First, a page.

The French Disease

  • Share
  • Read Later
For nearly two decades, french hospital staff psychologist Françoise Pagano watched as her bosses whittled away both her responsibilities and career opportunities. They had tried to sack her nine times, but the courts over-ruled them. "Since they couldn't fire me, they figured I'd eventually quit if I felt isolated, useless and humiliated in my work," says Pagano. "I've stayed and I've fought, but I have explicit orders not to do anything, and I'm shunned by other staff members. My career — like my salary — is blocked forever."

Pagano is among an estimated 1 million French victims of harcèlement moral — the sustained persecution by bosses or colleagues seeking to demoralize their targets and force them to quit. The methods of morale harassment vary from incessant criticism, accusation and sabotage to permanent physical isolation from co-workers and clients, and even deprivation of office space. Its motives are just as nasty — from personal vendetta, to job blackmail for personal or political reasons, to provoking the resignation of employees to avoid hefty severance payments. In the most serious cases, staff opt for unemployment, succumb to depression, and commit suicide.

"Whatever the motive or means, the defining characteristic is wanting to break or eliminate an employee through perse-cution," says psychiatrist Marie-France Hirigoyen, whose best selling book, Le Harcèlement Moral: La Violence Perverse Au Quotidien (to be released in English in November as Stalking the Soul: Emotional Abuse and the Erosion of Identity), awoke France to the problem. "It's a daily, evil assault on workers that has been kept secret too long." While morale harassment has been identified in the U.S. and some European countries as "bullying" or "mobbing," French employees had tended to view themselves as victims of isolated, sadistic bosses. That has changed since Hirigoyen's book, which has sold 360,000 copies and has been translated into 17 languages.

Reaction to the book moved psychologist Pagano to form the National Association of Victims of Psychological Harassment at Work — which like similar French support groups has been inundated with requests for help over the past year. French work inspectors and doctors have also become more active in identifying probable victims, and have taken steps — including ordering paid leave on medical grounds — to identify and provide assistance to victims of abuse.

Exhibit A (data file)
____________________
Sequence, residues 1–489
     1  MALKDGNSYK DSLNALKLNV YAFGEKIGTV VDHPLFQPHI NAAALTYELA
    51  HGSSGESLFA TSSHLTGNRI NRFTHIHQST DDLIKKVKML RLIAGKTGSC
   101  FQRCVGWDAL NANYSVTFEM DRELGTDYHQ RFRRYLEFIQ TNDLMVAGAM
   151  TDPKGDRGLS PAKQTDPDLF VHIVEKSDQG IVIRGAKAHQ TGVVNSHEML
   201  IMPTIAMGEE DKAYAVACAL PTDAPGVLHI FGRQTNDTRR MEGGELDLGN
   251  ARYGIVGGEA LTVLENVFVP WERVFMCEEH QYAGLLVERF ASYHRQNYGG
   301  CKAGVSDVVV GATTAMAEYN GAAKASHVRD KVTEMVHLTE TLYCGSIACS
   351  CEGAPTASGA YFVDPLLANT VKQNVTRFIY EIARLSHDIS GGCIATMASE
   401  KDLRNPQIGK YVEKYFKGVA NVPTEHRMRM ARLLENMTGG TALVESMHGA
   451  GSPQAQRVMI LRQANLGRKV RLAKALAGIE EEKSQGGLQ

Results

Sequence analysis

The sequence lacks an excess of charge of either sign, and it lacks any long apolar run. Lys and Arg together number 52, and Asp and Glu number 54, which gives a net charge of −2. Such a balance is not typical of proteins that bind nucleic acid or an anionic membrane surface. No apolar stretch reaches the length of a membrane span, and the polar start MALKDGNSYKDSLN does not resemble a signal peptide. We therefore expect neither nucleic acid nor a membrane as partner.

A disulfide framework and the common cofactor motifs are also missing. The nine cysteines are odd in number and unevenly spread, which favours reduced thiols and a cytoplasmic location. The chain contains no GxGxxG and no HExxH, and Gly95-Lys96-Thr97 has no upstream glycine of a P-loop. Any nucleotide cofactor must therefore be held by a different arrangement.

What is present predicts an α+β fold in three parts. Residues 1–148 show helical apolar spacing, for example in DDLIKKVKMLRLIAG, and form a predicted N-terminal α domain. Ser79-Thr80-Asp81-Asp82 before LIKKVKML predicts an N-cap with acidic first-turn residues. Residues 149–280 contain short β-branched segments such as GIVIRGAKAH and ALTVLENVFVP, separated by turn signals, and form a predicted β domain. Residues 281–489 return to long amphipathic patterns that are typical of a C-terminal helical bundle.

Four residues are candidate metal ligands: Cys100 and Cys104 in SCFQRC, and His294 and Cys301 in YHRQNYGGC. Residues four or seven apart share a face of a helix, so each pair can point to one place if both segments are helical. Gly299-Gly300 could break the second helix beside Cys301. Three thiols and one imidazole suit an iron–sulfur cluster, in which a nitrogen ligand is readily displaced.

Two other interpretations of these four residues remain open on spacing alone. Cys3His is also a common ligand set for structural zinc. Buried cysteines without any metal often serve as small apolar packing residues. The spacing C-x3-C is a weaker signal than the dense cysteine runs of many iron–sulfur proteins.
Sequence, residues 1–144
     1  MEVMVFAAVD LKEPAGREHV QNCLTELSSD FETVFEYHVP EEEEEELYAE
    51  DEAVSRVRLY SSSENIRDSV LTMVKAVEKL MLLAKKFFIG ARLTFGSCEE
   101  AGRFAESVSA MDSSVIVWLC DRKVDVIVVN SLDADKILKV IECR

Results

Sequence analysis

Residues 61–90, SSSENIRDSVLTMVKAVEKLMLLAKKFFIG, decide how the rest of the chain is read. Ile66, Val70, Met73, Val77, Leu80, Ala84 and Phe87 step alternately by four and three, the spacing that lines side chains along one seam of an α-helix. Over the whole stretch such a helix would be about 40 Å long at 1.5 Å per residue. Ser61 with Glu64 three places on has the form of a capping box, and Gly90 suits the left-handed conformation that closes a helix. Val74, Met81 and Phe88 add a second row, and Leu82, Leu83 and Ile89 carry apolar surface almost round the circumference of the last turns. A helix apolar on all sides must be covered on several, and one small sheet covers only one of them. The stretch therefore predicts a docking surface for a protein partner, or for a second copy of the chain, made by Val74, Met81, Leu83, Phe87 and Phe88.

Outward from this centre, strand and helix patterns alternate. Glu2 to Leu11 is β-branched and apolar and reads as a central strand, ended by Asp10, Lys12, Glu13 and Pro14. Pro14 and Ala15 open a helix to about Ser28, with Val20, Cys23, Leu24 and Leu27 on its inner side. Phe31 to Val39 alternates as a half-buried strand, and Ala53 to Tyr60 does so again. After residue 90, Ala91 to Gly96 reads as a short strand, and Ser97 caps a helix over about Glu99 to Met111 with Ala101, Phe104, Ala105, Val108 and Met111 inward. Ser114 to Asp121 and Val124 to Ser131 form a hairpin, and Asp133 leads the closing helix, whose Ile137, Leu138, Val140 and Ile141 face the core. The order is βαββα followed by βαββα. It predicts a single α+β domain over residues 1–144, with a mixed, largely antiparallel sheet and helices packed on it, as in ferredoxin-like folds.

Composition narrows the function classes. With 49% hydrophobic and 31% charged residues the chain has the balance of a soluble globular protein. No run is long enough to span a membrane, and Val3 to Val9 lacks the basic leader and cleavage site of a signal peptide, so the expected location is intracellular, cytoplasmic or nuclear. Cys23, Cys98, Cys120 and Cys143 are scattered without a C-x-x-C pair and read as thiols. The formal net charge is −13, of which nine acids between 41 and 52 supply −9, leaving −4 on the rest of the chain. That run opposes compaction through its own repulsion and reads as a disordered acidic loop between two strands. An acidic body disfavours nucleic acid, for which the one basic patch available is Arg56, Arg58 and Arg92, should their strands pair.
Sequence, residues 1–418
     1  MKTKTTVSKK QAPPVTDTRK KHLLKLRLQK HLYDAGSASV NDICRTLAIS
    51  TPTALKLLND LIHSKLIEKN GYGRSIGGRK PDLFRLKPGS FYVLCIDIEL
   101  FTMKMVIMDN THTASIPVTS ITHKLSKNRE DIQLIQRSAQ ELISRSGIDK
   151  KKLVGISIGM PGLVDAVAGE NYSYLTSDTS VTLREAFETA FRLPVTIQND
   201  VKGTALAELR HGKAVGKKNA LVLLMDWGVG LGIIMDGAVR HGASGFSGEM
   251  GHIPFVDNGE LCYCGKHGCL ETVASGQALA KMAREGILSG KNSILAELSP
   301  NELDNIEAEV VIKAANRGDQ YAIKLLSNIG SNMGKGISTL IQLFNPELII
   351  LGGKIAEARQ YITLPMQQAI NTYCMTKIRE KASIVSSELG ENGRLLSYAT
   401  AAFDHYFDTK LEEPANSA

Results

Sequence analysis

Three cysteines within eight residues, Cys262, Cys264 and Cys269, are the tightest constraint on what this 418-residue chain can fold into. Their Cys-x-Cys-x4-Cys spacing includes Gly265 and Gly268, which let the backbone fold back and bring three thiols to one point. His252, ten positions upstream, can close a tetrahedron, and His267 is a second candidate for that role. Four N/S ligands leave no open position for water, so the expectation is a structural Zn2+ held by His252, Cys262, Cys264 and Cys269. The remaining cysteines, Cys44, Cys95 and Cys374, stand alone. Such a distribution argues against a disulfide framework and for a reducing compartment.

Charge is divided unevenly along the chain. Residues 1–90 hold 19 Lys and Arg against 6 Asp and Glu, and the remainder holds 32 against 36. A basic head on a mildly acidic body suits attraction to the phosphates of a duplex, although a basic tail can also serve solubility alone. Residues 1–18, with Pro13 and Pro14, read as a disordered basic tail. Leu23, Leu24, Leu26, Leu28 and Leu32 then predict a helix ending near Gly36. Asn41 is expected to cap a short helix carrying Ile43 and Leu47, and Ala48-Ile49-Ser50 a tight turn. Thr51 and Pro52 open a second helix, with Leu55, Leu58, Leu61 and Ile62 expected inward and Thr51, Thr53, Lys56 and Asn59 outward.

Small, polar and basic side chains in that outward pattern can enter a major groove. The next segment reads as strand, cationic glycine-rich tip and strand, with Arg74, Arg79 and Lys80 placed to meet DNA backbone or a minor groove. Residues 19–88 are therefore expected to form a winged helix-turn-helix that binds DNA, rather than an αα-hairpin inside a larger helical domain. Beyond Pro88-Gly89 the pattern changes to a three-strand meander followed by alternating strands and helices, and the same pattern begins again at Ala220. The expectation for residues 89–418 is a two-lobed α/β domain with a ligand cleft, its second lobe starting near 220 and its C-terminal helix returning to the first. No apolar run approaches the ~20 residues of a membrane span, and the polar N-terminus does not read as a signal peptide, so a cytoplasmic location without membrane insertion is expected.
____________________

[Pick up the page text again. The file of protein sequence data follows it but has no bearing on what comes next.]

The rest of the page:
Lawyers who specialize in labor issues are receiving more cases based on morale-harassment complaints, and unions have created posts to deal with the issue. Legislation similar to the 1992 law proscribing sexual harassment has also been proposed. Awaiting that, courts have begun ruling in favor of victims by holding employers responsible for psychological and economic hardship.

Despite such advances, thousands of French workers continue to suffer vindictive treatment — perhaps most often in the nation's reputedly cushy but unpoliced public sector. Following conflicts with his administrative superiors, for example, municipal youth worker Jean-Eudes Dubois found himself reassigned to "a forest, all alone, making sure no one stole the trees". Since receiving that futile posting outside his native Orleans, Dubois says, repeated scheduling changes have conflicted with his family commitments — the aim of which, he charges, "was to get me to quit either from boredom, or inconvenience to my private life. Meanwhile, I am getting a full, tax-payer-funded salary for watching that the squirrels don't sprain their ankles. What a waste." Despite a series of court battles over his treatment — some successful — administrative courts have thus far failed to condemn Dubois' forest deployment as aberrant.

Pagano says her blacklisting started after a campaign she began in 1983 to create specialized psychological units in national hospitals. That would have meant extra work for health administration officials, and competition for psychiatric wards. "They saw me as a problem, and decided to get rid of me one way or another," she says. "Many times, perpetrators of morale harassment don't even need a reason. They decide they don't like someone, or simply want to see someone bend to their power, and the torture begins."

Although only recently awakened to the nature and scope of persecution on the job, France is hardly the only country grappling with it. A 1998 study of European Union workers found that 8.1% — or 12 million people — said they had suffered prolonged abuse at work during the previous year. And the situation is unlikely to improve in the near future. The government's imposition of a 35-hour workweek at the same pay received for 39 will force managers to try to get more work out of their employees in less time — an effort that will increase workplace pressure and create tensions in manager-subordinate relationships. That in turn can transform impatience and irritation into something far more sinister.